So after my solo dinner and venting blog post (and more wine and venting to the husband) on Wednesday, the rest of the week ran far more smoothly – until I locked myself out of the house this morning and left Miss 6’s school bag behind. Hubs had to double back to let me in so I could get the bag back up to the school before recess. Much fun…
I never forget my key. This was the one morning I didn’t triple check that I had it before I closed the door behind me. It wasn’t in its bowl on the TV unit so I just assumed it was still in my handbag from the day before.
Needless to say, it was not.
Plus it was the Book Week Parade at school so Miss was dressed as a Rainbow Magic Fairy, hence not wearing her backpack.
Of course that was the one bloody day I didn’t have my key.
This just strengthens my resolve to get my damn house in order already. My key was on the TV unit, but in the wrong spot for some reason, and camouflaged by the clutter I can never keep at bay.
But I have a weapon now…
Yep, I’m firmly on the KonMari bandwagon. I bought the ebook a couple of weeks ago and have read through it twice now, with a third reading in progress. I love it so much! Why?
She acknowledges the emotional attachment to possessions – and actually honours it:
The things we own are real. They exist here and now as a result of choices made in the past by no one other than ourselves. It is wrong to ignore them or to discard them indiscriminately as if denying the choices we made. This is why I am against both letting things pile up and dumping things without proper consideration. It is only when we face the things we own one by one and experience the emotions they evoke that we can truly appreciate our relationship with them.
Do you have any idea how mind-blowing this is?
Every single other book I’ve read about decluttering (and I’ve read a lot) basically tells you that it’s bad to invest emotionally in “things” rather than relationships and experiences. All that stuff just holds you down, man! Rip the Bandaid off and just get rid of it already!!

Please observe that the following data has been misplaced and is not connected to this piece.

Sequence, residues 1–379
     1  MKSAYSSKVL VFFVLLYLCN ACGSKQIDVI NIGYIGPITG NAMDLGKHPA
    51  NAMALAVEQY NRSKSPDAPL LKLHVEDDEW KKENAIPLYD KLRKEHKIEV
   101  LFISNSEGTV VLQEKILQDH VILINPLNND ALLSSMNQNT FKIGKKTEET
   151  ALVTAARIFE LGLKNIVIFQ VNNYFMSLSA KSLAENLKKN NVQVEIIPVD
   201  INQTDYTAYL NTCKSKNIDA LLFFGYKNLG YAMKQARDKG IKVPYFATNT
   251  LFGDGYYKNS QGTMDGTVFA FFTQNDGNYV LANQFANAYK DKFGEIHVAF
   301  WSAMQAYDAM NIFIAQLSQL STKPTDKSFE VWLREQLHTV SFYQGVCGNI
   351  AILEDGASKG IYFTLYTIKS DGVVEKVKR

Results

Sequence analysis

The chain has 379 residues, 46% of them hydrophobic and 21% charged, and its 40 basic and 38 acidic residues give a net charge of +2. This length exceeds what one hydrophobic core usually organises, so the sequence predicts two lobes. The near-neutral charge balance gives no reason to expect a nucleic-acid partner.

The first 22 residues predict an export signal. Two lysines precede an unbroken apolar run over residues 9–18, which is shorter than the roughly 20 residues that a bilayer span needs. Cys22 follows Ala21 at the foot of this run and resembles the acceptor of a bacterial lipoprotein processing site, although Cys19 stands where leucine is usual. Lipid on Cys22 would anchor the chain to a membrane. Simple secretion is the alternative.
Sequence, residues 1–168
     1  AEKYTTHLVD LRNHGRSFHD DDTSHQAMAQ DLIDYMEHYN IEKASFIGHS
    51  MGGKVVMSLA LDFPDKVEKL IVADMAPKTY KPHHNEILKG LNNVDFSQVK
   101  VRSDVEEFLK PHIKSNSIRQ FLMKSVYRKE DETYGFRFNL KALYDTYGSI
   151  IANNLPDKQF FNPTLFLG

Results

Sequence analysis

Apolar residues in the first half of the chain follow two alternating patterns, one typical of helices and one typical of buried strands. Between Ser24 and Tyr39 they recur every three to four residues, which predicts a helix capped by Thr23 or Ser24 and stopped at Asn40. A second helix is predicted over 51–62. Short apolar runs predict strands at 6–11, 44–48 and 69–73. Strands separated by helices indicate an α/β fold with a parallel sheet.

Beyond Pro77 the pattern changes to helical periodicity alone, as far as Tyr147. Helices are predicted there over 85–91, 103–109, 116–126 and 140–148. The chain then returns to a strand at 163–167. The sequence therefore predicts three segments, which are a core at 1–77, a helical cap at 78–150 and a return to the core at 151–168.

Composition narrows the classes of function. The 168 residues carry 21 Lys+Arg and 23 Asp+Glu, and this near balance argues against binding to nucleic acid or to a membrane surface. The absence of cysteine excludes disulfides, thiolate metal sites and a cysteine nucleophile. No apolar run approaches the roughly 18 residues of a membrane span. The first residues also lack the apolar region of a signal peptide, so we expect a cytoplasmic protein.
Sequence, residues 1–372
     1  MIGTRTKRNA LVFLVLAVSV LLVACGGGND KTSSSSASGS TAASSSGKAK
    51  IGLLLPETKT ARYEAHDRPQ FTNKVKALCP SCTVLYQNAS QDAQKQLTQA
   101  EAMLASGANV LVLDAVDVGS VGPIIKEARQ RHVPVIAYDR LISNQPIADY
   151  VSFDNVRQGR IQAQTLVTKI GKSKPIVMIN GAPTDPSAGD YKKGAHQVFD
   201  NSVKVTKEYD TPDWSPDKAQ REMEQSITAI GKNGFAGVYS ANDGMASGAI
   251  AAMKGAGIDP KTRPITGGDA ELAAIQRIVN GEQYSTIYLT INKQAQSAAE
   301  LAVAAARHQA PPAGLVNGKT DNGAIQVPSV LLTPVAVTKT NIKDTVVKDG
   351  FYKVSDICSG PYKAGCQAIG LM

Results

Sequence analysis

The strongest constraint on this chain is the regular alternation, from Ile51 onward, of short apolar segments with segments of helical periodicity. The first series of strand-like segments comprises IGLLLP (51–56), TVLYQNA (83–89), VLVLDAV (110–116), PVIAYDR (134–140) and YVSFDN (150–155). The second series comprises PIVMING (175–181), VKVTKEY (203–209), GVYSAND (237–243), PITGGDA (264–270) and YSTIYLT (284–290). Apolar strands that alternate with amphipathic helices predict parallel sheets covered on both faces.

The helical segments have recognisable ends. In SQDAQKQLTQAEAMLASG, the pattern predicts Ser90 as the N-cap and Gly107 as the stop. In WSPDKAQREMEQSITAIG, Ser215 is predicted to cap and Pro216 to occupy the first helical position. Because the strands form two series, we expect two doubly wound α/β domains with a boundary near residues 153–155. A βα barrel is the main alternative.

Marie instead gets you to acknowledge that everything you have brought into your house has served some purpose in your life – even if that purpose was to teach you what you don’t like or need, or simply to provide you with the thrill of buying it. She actually provides a simple framework to focus on the things you want to keep rather than the things you want to get rid of by holding each of your things, one by one, and asking: “Does this spark joy?”
If it doesn’t, she encourages you to express gratitude to the item before you let it go and move on to the next one.
The process is simple and mindful and beautiful – and it works. I’ve already gone through my clothing (which she sets as the first category to be handled) using this approach and it was amazing.
Thankfully I’d already whittled down my clothing stash over the last few years – and had in fact done a cull just before I bought the book – so it didn’t take long. I was quite simply blown away by how easy this process was. I reduced my closet by at least half and easily let go of clothes that I’d been holding onto for years due to sentimentality.
I did keep most of my discards aside and go through them again a few days later, just in case it was too good to be true. A couple of pieces made it back into my wardrobe but everything else just looked dead to me. There was no attachment anymore (apart from one tattered shirt that I wore through both pregnancies and many late night breastfeeding sessions. It got a few teary kisses and hugs before I put it back in the discard bag).
Plus, as an added bonus, I LOVE getting dressed every day! I have far fewer clothes to choose from but they’re all neatly folded or hung in their own spaces with no dud outfits vying for attention. They all feel good and look good on me and give me a little swagger to my step once I finish off with the perfect scarf and shoes to match (which is weird for a normally non-girly girl like me).
I can’t wait to get stuck into the rest of the house now.
You guys, this is a game-changer.